I am not sure that "The Muqaddimah" qualifies as a peer-reviewed journal.

    3. "...then dissected, then distilled, then analyzed by the general class of thinkers and commentators..."

    ""The term Laffer curve was reportedly coined by Jude Wanniski (a writer for The Wall Street Journal) after a 1974 dinner meeting at the Two Continents Restaurant in the Washington Hotel with Arthur Laffer, Wanniski, Dick Cheney, Donald Rumsfeld, and his deputy press secretary Grace-Marie Arnett."

    I suppose Wanniski, Cheney, Rumsfeld, and Arnett qualify as general class of thinkers, but I have to wonder how much dissecting, diluting, and analyzing went on during that meeting.

  8. John,

    You write: "A quick note to my fellow free marketers: The Fed (or some agency) has to do something..."

    I understand the point here but there is something I am missing. Certainly, if the money supply is to be determined by central planning, then there are better and worse plans. Maybe targeting the TIPS spread is the least bad central plan. That's the point you are making, right?

    But the people at the Fed really could do nothing in the sense that tomorrow Janet Yellen could make a public statement like "After much consideration we have determined that central banking is as misguided as central planning of agriculture and industry. We cannot even measure the impact of monetary policy on variables such as inflation, unemployment and output in hindsight, let alone forecast the consequences of our actions. Therefore we have decided to permanently cease all transactions. We will auction off all assets on our balance sheet and give the proceeds to the Treasury, after which we will permanently cease all purchases and sales of financial assets."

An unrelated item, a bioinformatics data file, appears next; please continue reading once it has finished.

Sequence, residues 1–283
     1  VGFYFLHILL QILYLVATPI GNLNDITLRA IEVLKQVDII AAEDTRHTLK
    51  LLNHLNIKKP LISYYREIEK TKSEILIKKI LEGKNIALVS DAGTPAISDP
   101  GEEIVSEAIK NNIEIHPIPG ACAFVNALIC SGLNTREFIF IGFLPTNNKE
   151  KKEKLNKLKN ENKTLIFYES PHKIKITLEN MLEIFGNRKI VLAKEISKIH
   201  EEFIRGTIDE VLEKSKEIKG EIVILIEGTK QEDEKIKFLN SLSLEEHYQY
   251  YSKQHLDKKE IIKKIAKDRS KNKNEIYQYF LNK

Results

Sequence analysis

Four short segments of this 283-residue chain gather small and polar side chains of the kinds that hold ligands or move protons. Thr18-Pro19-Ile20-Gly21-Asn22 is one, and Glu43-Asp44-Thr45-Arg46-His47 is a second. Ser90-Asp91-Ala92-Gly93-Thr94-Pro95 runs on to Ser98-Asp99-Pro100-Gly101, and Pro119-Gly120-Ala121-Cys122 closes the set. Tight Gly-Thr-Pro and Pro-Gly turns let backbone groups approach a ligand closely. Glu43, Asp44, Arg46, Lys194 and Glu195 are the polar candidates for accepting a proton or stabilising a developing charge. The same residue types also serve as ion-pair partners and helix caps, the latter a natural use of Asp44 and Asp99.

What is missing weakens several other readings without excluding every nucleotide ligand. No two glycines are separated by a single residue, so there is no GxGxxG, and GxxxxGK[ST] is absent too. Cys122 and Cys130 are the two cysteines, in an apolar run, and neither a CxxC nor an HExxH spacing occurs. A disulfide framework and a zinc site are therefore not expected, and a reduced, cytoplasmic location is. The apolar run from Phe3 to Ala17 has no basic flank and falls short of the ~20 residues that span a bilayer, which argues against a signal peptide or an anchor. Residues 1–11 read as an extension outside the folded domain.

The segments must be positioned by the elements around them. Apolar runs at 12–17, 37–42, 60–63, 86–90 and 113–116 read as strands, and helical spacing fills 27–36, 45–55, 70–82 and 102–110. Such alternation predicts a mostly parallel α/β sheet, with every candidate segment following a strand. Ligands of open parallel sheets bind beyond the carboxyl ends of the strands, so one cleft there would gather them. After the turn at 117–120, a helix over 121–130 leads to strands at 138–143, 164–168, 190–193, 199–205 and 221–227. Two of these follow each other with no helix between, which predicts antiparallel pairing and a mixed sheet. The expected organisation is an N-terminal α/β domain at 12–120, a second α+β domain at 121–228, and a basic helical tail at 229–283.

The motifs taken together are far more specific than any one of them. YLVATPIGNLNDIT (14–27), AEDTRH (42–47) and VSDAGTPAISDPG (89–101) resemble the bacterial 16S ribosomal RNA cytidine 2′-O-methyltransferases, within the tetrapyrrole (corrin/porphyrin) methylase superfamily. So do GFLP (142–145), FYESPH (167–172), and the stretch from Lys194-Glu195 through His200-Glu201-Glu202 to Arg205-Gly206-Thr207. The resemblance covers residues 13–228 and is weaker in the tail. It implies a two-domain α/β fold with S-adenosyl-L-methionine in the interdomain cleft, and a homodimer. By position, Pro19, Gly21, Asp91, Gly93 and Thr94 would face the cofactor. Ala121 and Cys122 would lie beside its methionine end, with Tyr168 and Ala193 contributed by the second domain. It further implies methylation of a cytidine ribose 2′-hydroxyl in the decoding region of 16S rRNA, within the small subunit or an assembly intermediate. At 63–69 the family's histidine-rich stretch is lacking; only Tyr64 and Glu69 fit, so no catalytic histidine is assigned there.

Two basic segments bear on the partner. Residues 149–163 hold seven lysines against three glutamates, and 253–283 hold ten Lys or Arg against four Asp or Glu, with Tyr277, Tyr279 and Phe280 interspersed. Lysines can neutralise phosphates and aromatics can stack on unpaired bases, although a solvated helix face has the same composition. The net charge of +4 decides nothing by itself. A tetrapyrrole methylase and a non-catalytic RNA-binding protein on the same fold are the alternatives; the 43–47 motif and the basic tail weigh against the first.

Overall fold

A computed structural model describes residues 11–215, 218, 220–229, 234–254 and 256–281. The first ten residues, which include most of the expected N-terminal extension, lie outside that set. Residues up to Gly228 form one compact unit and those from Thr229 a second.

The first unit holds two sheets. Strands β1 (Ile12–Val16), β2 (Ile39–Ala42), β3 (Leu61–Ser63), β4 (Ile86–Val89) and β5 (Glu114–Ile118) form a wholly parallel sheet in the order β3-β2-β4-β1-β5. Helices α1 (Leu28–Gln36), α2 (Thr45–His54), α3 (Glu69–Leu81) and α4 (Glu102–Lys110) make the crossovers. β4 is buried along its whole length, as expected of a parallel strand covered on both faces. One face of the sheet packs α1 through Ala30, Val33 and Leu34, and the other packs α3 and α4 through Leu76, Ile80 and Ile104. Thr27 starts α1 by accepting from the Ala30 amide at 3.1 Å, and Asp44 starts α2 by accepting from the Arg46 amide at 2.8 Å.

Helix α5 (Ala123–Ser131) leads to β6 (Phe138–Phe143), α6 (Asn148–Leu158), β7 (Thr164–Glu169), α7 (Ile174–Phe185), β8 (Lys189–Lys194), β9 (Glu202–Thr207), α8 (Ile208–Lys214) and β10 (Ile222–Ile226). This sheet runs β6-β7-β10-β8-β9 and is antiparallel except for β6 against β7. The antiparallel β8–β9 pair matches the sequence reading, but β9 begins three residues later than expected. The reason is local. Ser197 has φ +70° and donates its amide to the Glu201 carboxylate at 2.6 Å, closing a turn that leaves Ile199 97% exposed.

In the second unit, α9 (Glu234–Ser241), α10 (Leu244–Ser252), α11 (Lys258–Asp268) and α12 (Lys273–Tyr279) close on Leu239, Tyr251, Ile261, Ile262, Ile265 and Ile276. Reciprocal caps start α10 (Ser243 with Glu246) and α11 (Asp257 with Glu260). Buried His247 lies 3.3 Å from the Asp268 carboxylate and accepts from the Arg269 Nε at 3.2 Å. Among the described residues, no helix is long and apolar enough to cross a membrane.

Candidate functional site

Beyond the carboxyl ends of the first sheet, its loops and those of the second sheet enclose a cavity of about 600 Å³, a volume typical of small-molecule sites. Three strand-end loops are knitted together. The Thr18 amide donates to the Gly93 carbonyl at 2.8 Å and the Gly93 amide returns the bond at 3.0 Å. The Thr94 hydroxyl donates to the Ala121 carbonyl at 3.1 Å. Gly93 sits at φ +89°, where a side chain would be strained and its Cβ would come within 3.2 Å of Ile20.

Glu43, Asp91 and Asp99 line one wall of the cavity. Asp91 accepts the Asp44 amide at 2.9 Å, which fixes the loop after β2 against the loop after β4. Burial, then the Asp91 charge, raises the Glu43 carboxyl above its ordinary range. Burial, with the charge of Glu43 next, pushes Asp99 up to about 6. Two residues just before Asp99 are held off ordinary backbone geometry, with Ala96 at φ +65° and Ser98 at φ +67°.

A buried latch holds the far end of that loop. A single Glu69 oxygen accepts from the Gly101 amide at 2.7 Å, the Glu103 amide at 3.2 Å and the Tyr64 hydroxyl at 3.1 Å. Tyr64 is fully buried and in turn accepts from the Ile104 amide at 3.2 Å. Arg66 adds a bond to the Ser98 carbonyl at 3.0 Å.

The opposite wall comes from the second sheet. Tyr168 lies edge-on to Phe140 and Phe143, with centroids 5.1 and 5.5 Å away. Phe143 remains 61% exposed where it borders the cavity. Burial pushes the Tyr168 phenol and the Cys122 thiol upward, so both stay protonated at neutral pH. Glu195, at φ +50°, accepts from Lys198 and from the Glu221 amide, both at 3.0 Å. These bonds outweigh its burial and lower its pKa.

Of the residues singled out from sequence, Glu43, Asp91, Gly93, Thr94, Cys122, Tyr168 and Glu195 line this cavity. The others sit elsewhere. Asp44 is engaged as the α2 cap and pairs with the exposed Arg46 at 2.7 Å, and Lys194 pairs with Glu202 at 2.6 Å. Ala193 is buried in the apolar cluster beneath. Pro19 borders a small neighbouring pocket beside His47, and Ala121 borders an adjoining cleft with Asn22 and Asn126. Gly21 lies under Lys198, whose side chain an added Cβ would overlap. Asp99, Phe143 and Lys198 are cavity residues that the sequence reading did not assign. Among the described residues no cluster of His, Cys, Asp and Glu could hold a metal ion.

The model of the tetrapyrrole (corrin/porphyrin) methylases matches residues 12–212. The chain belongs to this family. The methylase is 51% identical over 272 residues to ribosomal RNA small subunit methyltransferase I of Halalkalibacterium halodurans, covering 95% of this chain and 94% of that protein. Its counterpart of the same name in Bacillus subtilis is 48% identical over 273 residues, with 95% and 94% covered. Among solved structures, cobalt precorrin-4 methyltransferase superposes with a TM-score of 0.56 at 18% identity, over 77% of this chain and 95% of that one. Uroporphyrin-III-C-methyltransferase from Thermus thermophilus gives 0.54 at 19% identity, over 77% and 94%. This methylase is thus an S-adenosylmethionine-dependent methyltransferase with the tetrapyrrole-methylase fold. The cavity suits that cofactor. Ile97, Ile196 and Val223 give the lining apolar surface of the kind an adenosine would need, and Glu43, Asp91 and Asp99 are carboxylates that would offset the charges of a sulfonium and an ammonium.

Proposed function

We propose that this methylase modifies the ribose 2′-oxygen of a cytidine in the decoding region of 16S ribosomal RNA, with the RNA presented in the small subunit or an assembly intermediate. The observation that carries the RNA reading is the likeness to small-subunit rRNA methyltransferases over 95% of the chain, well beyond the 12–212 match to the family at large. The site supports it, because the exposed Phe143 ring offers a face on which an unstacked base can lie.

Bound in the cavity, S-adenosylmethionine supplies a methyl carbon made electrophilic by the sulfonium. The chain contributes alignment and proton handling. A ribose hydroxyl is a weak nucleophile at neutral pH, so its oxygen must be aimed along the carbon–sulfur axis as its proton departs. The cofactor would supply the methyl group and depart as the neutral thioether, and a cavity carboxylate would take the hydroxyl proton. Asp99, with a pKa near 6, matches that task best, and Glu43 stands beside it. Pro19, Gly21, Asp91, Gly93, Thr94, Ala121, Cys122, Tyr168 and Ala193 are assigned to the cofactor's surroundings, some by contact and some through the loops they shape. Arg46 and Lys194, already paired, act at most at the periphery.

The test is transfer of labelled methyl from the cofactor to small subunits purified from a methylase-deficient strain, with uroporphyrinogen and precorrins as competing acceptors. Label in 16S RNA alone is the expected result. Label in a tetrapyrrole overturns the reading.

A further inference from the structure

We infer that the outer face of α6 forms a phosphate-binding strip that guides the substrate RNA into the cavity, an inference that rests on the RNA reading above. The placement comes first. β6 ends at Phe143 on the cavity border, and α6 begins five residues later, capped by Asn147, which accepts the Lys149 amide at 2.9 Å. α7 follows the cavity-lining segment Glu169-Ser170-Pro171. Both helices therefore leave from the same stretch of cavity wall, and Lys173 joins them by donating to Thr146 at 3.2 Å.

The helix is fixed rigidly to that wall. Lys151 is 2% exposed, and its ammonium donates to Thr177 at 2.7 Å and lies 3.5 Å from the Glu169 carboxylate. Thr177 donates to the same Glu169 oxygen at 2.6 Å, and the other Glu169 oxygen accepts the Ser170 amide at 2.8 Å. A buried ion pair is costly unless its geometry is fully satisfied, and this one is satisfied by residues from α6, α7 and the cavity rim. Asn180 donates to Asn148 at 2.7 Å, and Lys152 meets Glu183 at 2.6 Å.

Since this option exists, why advocate for any central plan at all? To be clear, I am assuming that the difference in outcomes between abandoning central planning vs implementing the best central plan is probably much larger than the difference in outcomes between implementing the best central plan vs implementing the average central plan.

  9. John, great post, but I think you should give credit to Bob Hetzel for this. After all he was the first to suggest this all time ago. In fact that is why there are TIPS today.

    See here: https://marketmonetarist.com/2014/06/22/bob-hetzels-great-idea/

    You will also see that Friedman supported the idea in Money Mischief....but that a UoC econ professor obviously already knows...or?

    1. Yes, thanks. I'm sure many of the ideas are even older. This being a blog post I didn't try to give proper references, credit, or history of thought. That's a paper all of its own!

    2. Though, now that I read the very nice blog post, not even Hetzel went this far. He advocated controlling the spread by money growth: